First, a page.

• helps with insulin secretion and lowers blood sugar
  • acts as a natural antiseptic and anti fungal agent for skin disorders like fungal infections and eczema
  • boosts the immune system
  • acts as an expectorant
  • helps ease conjunctivitis, as well as eye-aging, macular degeneration and other stressors on the eyes
  • good source of minerals potassium, calcium, manganese, iron and magnesium
  • rich in vitamin A, vitamin C, vitamin K, folic acid, riboflavin, niacin, beat carotene

Phew - after reading all that, I should be planting some more so the next batch is ready in a few weeks!

What's your favorite recipe for cilantro (or coriander as we call it in England)?
Monday, May 14, 2012

Reducing nausea associated with chemotherapy

I had a call from a friend this weekend who was looking for some ideas that may help his friend who is suffering from severe nausea associated with chemotherapy.

Sadly, nausea is an all too common side effect of chemotherapy. There are medications available that may help and you should be sure to talk to your doctor about how to prevent nausea and/or vomiting and treat it.   Here are some general tips on how and what to eat that you might also want to consider:

  1. One of best things that can help with nausea is ginger. I wrote a blog post a while ago about the health benefits of ginger and included a few recipes that you can try - especially the ginger glycerite recipe.  But eating ginger anyway you can may help reduce nausea, from ginger cookies, to ginger tea to tinctures to..... Try different things and see which works best.  You can also get ginger capsules to take twice a day.
  2. Other herbs that might help are catnip, peppermint, chamomile and red raspberry.  You can try these as teas - and why not combine a few.  I often add a few different flavored tea bags to a big jug of cool water and get the combined benefit all at once.  Try ginger, peppermint and chamomile - I bet they'd go nicely together.  Use iced, cool, room temperature or warm water - not hot.
  3. Try drinking 1/3 cup of warm water with 1 tsp of apple cider vinegar and 1 tsp honey.
  4. Pumpkin seeds and squash seeds help nausea.  Just plain, raw seeds.
  5. Eat mainly starches like rice, crackers, dry toast, oatmeal, etc.  The food should be low fat and bland.  Cooking should not create lots of smells as this can make the nausea worse.  Don't get too concerned about balanced nutrition at this time, the goal is to get rid of the nausea and eat something.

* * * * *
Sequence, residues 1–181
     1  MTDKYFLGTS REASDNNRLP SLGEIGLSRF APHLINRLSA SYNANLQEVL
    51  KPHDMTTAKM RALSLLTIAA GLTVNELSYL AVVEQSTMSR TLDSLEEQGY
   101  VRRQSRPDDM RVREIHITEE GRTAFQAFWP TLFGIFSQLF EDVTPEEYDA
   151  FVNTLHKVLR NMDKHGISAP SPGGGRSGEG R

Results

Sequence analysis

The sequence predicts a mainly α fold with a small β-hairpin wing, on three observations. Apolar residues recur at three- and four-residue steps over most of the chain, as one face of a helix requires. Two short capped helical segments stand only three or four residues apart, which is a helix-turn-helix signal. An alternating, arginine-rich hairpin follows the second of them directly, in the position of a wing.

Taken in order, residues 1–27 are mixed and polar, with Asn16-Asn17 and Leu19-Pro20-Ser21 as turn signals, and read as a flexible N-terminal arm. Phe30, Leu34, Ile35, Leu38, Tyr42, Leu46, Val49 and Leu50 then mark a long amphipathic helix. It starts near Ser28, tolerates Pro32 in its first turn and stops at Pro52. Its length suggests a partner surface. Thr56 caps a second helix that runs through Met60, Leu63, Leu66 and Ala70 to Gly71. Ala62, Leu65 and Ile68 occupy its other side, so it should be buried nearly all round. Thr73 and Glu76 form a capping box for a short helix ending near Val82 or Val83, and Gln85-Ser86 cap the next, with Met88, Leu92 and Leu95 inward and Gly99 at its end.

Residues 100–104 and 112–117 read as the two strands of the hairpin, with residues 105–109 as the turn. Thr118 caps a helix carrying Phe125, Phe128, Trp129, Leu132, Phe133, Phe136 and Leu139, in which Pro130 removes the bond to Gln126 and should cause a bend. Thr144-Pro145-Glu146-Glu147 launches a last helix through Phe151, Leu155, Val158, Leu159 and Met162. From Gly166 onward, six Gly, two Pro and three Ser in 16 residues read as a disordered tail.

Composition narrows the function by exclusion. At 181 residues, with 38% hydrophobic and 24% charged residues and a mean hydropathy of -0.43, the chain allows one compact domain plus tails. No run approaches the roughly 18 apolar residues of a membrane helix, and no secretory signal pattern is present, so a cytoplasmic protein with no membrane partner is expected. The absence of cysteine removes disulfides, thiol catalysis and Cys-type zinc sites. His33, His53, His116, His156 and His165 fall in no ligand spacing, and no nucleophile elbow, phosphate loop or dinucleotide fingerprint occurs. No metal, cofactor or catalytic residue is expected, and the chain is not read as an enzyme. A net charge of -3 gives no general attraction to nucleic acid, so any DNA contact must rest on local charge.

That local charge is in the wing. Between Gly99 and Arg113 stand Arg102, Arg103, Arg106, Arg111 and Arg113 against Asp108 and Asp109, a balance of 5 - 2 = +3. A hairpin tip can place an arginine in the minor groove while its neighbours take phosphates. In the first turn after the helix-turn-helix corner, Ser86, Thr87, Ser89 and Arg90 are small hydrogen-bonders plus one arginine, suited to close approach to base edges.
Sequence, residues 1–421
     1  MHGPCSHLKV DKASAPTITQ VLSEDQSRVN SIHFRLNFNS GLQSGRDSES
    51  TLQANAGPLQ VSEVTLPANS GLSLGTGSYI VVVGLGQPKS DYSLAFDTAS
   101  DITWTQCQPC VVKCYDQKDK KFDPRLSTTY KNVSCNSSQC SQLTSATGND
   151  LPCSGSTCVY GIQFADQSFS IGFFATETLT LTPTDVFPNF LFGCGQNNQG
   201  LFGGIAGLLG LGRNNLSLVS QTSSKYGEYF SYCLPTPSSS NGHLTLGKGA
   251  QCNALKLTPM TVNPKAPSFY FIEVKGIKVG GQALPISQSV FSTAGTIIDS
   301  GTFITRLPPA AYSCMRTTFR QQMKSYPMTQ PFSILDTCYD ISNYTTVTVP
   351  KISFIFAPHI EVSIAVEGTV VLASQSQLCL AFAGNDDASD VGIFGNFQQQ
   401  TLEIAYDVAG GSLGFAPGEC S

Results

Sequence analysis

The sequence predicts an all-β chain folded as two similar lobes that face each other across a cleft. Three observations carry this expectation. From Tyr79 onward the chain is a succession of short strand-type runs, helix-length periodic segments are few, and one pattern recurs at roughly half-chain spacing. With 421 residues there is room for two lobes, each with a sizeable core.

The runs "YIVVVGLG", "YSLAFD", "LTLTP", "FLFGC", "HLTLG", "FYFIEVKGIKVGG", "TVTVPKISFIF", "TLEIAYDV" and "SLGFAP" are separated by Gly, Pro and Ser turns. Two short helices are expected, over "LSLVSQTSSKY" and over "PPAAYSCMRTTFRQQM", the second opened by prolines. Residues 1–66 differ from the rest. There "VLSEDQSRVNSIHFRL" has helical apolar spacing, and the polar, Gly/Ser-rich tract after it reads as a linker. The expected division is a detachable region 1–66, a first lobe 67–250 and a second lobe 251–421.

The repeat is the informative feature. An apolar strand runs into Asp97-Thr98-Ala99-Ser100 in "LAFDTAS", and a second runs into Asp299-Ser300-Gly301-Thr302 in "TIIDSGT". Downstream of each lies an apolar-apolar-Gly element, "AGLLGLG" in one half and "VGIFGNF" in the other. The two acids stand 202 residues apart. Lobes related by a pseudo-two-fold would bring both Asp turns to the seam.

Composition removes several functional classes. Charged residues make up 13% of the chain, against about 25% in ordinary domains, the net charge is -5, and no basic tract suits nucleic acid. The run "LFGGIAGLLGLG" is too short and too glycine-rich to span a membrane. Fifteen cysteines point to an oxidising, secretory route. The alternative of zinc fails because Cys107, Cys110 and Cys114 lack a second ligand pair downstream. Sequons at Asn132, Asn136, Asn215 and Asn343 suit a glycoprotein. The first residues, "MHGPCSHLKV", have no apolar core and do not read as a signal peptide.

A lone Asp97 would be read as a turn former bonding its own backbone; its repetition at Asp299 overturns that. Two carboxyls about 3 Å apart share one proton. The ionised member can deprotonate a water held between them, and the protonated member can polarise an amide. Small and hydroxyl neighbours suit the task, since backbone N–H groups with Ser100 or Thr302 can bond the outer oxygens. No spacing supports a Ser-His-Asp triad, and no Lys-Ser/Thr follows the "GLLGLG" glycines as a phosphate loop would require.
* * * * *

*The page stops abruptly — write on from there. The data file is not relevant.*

6. Eat cold or room temperature foods. Hot foods create more odors which is often a big cause of nausea.
  7. Eat and drink slowly.
  8. It often helps to put some dry toast or crackers at your bedside at night and eat a little of this before you get out of bed in the morning.
  9. Eat small amounts, frequently.
  10. Drink plenty of fluids during the day, but not during meals.
  11. Try drinking through a straw.
  12. Fruit popsicles are often easily eaten and enjoyed.
  13. Don't try cooking or eating one of your favorite foods. The body may come to associate it with nausea and you'll no longer enjoy it.
  14. If you need to rest after eating, make sure you keep your head higher than you feet.

It's a matter of trying different things and seeing what helps most for you.  And don't forget to tell your doctor that you have been experiencing these side effects as he may have other options and ideas.  

Sunday, May 13, 2012

Everything is tickety-boo

It's that time of the week again: time for my list of things that I am grateful for that make everything seem tickety-boo:

Photo by glness

  • seeing a colorful hot air balloon fly overhead.  It's funny that such a sight is so calming - yet when you are in the balloon - it's not really calm at all - it's exciting and exhilarating!
  • mothers - and not JUST because it's Mother's Day in the US today!
  • our first outdoor swim of the year
  • John, my hubby, who's birthday it was on Thursday
  • hiking by the ocean
  • having the support, encouragement and enthusiasm of a friend who is helping me find venues for my classes
  • getting excited about family visiting soon - little Baby Max!
Max in his first car!
  • receiving such delightful emails from a new jewelry customer
  • buying and planting new veggies for the raised beds
What things have made you feel tickety-boo this week?
Friday, May 11, 2012

Salad Days

To me, and possibly also my family, when I hear the expression "Salad Days" it takes me back to when I was a teenager and our involvement in a production of the musical of that name.  I always wanted to sing one of the songs in that musical "Summer and Sunshine and falling in love".  It wasn't because I was falling in love or anything like that - I just loved that song.  But that was sung by the lead, so I never did get to sing it.

The title of the musical refers to the expression "salad days" meaning a "youthful time, accompanied by the inexperiences, enthusiasm, idealism, innocence or indiscretion that one associates with a young person", or the "heyday when someone is at their peak".

Well, maybe my youth passed a little while ago, but at the moment it seems that every day is a salad day here at home.  This is because all our lettuces are growing sooooo well in our new raised beds, that we have salads - or at least green leafy veg, at every lunch and dinner, and often breakfast too, if we put them in a smoothie!

We have one crispy green lettuce, one red lettuce, cilantro, parsley, a European lettuce - that looks like grass (not our favorite) and some arugula.  It is all so vibrant and tasty when picked 5 minutes before you eat it.  Yum, yum. It makes me feel like I'm in my salad days!